I have seen qubits, qutrits & entangled bits (e-bits) a decent amount. I have also seen qunits/qudits for n-th level qubits. What I am trying to wrap my head around is the differences between n-th level e-bits vs n-th level qunits. What are the similarities? Differences?

What generalizations exist about n-th level e-bits / qunits?

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    Whenever you mention such non-standard terms (by "non-standard" I mean terms which aren't normally seen on common references like Wikipedia), you should mention the source where you saw them. – Blue Jun 21 at 6:35
  • Noted! Will keep in mind for the future. – meowzz Jun 21 at 7:29
up vote 1 down vote accepted

Disclaimer: Since you haven't stated the source from where you got those terms, I will mention the most obvious definitions for those, which occur to me - simply looking at the names.

"Qunit" refers to any quantum system whose state lies in a complex vector space whose dimension is any natural number $n$. Example of qunits are qubits, for which $n=2$ and qutrits for which $n=3$. Also check this for other less commonly used terms: Do any specific types of qudits other than qubits and qutrits have a name?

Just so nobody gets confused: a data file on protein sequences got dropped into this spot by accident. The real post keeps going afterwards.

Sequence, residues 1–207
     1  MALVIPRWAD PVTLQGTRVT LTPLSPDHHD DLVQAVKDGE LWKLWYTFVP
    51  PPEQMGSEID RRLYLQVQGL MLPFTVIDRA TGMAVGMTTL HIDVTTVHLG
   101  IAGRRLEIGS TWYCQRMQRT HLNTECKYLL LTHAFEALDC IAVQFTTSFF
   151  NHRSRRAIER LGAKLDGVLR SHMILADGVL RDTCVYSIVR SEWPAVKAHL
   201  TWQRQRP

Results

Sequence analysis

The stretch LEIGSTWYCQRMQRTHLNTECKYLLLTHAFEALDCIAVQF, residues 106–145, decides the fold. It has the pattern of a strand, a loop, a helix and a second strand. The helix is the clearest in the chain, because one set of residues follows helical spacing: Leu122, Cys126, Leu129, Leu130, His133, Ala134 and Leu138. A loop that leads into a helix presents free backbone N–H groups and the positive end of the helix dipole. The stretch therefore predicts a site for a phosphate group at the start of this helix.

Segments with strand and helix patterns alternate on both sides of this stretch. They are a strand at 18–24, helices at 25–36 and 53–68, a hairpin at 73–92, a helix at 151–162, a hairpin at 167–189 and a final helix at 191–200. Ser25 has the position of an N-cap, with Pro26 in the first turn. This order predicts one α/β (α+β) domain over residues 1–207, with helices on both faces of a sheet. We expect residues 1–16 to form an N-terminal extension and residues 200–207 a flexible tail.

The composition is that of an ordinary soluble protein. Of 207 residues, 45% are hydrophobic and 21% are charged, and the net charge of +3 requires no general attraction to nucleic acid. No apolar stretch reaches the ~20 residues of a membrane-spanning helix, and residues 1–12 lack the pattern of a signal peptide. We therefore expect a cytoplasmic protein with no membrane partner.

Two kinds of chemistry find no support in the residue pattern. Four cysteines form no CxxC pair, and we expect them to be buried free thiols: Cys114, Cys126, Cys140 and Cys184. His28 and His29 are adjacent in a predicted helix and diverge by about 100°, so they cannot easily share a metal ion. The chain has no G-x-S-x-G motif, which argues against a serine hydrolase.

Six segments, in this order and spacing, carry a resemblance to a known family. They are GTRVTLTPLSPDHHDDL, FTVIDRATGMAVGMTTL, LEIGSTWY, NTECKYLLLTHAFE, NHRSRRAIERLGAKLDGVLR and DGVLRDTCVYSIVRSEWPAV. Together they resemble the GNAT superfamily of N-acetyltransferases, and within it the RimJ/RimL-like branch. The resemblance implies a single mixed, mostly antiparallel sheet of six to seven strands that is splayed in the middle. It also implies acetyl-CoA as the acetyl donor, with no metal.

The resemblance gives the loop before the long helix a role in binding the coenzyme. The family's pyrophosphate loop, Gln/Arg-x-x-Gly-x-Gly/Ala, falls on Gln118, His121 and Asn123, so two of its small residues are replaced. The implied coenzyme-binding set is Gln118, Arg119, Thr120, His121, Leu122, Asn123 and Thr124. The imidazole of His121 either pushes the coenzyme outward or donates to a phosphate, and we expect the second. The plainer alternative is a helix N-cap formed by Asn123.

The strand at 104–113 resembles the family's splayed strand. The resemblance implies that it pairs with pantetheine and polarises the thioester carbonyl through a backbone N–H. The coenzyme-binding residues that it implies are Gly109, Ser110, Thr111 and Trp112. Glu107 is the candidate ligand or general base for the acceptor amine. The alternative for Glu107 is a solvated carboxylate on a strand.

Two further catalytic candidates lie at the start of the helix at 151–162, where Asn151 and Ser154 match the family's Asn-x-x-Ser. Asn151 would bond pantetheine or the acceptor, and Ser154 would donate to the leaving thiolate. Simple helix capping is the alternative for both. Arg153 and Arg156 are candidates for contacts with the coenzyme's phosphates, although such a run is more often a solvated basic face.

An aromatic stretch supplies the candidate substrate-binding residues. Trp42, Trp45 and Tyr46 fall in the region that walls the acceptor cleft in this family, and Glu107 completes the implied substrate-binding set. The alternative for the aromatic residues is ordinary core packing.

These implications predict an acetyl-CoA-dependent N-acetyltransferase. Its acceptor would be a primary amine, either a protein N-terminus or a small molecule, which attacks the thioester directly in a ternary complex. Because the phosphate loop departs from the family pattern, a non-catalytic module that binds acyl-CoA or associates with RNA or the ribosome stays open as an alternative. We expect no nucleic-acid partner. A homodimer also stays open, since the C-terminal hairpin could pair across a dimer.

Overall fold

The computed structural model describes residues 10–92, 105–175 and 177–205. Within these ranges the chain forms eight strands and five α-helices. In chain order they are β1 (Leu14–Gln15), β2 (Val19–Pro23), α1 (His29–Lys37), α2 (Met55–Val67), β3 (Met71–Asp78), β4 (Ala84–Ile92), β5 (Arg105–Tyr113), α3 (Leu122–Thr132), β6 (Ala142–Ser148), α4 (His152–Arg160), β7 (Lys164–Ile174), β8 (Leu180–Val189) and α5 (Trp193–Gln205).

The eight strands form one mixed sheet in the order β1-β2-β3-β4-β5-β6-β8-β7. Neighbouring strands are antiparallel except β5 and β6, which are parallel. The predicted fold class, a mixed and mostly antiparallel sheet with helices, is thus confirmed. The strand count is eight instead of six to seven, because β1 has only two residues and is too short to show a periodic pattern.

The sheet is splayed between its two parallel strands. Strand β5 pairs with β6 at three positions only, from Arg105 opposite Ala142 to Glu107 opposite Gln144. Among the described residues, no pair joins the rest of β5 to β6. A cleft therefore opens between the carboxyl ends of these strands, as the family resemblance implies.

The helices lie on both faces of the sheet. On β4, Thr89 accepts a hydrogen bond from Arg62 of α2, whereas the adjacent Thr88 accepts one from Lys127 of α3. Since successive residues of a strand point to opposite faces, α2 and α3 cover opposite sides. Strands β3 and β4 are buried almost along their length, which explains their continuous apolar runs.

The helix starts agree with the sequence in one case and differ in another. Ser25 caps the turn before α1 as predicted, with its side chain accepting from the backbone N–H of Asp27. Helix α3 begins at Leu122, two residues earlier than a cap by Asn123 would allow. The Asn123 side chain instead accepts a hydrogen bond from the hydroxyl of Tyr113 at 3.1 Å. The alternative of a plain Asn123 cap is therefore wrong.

Next, remember that a system of two qubits will lie in a $2\times 2$-dimensional vector space i.e. $\Bbb C^2\times \Bbb C^2$. A system of three qubits will lie in a $2\times 2 \times 2$-dimensional vector space $\Bbb C^2\times \Bbb C^2\times \Bbb C^2$ and so on. By "$n$-dimensional" e-bits they're referring to the dimension of the vector space again. As for the "e-bit" part, that's simple. That is, the state of the system of qubits is basically not separable into individual qubit states lying in $\Bbb C^2$ each (i.e. the qubits are entangled). Check out the answers in: How do I show that a two-qubit state is an entangled state?

  • Any good references for n-th level systems (besides 3 papers linked to in 1st link)? Also, thoughts on showing an n-level system is entangled (just found out about entanglement witness)? – meowzz Jun 21 at 7:28
  • @meowzz "thoughts on showing an n-level system is entangled" - please ask that as a new question! It's a bit too broad to cover here, and apart from that, I forgot the general (non-brute-force) method for it. It would be helpful for me as well! :) – Blue Jun 21 at 7:35

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